Next Episode of The Family Farm is
Three families with no experience of farming volunteer to spend their summer living and working on a north Wales hill farm
Three families with no experience of farming volunteer for the adventure of a lifetime as they agree to spend their summer living and working on a north Wales hill farm in the shadow of Snowdonia. Moving into a purpose-built yurt village, complete with chicken coop, vegetable plot and pigpen, they will learn what it takes to run a farm and feed a nation. Their mentors are the farm's owner Gareth Wyn Jones and presenter Kate Humble (who also has her own Welsh farm), both of whom will be on hand to help them in all aspects of hill farming, from gathering sheep to shear them, through to training sheepdogs and selling ewes at market. They have been thrown in the deep end, it is hard work in all weathers with early mornings and long hours - but will the reality of country living live up to their dreams of rural life?
This week, the budding farming families experience farming on a totally different scale. As well as continuing their apprenticeship of the hill farm, each of the families heads to a neighbouring farm that produces food on a big scale.
The families have been put through their paces on some of the biggest farms in north Wales, and now they're on a mission to explore other ways of working. While most farmers produce food for big processors and big retailers, some farms are fighting to take back control of the supply chain and get more for their hard work and for what they produce. The Morgans travel to a small pig farm and meet a family working all hours of the day to make ends meet as they take their pigs from piglets to prime pork products. The McNultys work on a 200-strong dairy farm turning their milk to high-end ice cream. And the Burtons go to work at one of Wales's leading vegetable and crop producers, a family-run fruit-and-veg operation sending quality products to high-end restaurants and artisan shops.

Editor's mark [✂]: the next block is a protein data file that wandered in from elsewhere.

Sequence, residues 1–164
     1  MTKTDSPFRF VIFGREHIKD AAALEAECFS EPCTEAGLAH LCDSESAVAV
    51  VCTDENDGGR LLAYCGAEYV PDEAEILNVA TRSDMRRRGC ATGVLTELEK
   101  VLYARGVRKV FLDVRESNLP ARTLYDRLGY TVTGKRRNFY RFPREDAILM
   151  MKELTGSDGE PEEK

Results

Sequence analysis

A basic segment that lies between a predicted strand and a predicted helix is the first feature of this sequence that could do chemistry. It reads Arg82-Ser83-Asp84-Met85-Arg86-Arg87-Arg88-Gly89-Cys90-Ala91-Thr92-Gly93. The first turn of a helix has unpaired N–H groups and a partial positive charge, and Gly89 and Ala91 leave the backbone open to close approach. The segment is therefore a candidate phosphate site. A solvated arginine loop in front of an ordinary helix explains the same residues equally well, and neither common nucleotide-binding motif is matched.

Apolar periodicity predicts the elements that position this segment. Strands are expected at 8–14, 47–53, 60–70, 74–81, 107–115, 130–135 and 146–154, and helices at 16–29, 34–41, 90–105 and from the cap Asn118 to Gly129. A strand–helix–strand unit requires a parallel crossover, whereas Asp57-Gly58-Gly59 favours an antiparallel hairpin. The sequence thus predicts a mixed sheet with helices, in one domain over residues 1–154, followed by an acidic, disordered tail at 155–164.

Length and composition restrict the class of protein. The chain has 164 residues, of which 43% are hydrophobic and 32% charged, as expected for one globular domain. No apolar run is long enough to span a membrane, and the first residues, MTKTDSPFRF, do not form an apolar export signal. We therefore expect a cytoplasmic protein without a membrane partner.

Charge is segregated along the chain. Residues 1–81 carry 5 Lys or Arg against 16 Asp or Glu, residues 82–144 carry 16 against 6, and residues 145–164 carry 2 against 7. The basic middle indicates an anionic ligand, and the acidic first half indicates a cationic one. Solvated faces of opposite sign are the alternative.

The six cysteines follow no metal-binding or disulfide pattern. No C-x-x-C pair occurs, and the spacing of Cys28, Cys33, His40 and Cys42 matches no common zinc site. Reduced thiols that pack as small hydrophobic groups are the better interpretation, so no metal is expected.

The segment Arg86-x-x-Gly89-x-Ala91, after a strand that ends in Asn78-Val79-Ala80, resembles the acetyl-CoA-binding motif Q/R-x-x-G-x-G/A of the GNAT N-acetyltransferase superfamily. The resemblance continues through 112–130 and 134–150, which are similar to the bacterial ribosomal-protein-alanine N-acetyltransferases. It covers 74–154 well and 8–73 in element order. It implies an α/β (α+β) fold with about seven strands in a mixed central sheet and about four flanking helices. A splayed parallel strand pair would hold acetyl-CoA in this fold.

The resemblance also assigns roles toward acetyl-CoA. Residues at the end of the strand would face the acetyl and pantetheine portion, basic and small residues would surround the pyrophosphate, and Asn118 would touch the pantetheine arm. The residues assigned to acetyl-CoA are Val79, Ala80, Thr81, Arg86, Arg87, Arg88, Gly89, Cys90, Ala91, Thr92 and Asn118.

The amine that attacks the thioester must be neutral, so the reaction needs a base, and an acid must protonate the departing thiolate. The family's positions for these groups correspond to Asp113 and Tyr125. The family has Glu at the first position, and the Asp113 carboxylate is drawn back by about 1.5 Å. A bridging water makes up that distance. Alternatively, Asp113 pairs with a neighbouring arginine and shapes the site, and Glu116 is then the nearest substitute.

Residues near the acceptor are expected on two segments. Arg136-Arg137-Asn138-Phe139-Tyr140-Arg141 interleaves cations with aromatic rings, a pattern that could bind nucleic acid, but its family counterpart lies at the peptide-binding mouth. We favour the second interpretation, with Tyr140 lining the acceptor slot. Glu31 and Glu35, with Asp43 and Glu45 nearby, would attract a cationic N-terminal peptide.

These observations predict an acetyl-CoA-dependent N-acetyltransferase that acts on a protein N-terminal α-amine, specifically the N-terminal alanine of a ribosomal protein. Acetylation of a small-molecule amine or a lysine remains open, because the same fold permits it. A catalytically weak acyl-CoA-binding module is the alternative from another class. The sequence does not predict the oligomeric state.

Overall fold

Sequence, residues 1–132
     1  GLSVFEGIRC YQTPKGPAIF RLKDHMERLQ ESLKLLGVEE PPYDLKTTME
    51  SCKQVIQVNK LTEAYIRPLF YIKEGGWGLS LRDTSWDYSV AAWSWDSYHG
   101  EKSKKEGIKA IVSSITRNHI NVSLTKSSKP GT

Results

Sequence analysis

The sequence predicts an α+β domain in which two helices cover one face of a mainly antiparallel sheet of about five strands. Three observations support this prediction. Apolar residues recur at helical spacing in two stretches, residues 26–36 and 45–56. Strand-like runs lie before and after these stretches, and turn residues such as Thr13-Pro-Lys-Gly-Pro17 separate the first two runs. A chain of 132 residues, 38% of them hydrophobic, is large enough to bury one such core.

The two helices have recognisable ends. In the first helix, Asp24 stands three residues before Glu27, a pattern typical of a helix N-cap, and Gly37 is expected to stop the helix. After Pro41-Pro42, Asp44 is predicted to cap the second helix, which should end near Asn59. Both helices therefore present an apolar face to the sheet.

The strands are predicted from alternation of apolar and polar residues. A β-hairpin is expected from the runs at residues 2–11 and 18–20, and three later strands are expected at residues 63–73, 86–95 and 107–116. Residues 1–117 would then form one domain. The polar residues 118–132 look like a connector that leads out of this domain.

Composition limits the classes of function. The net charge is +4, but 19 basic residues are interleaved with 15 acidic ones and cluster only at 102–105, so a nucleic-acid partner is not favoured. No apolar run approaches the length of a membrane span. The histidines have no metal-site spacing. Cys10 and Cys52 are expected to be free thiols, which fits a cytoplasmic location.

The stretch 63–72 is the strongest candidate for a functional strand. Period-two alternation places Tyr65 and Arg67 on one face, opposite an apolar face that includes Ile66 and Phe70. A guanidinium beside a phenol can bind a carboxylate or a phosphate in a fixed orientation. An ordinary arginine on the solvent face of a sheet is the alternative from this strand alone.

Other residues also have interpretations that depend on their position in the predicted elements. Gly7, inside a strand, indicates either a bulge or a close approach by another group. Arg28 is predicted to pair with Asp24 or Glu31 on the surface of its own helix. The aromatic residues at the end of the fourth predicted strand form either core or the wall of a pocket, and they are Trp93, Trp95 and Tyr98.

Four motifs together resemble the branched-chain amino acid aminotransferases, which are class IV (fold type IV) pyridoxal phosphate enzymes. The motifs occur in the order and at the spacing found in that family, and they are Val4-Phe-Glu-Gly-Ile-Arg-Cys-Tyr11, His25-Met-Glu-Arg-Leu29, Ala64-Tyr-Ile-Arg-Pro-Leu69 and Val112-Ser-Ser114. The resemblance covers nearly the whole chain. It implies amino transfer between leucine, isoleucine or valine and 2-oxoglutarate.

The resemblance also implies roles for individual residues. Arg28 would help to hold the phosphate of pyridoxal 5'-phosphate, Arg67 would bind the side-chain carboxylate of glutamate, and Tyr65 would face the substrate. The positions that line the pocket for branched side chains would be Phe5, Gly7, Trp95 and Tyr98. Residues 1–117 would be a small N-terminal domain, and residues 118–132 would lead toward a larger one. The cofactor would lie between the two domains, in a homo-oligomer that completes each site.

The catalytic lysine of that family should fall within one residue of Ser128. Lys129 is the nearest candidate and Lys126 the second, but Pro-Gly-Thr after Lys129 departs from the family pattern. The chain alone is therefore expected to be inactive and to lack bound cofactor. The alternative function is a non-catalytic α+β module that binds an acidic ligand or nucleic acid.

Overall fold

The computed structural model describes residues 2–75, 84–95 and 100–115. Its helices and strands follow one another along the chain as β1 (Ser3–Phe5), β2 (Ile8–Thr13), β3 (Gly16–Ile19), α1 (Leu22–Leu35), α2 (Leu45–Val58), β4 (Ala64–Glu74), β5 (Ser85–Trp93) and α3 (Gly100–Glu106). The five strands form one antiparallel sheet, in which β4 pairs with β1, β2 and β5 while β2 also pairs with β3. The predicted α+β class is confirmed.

The three families have been living and working as farmers for almost a month, and they have seen how most food comes from large-scale producers and how some farmers are bucking the trend and taking back control of the food chain. Now, as summer on the hill farm draws to an end, the families put everything they have learned to the test. A sheepdog trial finds out what kind of bonds the aspiring shepherds have forged with their dogs, and if they can work them like any farmer would.
It is time to think of preparing the farm for winter - to plough the fields and return the flock to the mountain, but have the families become farmers? The biggest test comes in having to choose two of their pedigree pigs to be sent to slaughter, and it is a tough reality check for the vegetarian and vegan farming apprentices. It is also harvest time, and the fruits of their labours are ripe for the picking in the skills they have honed and the food they can produce. Can the families now answer the biggest question of all: will any of them take up farming full-time?
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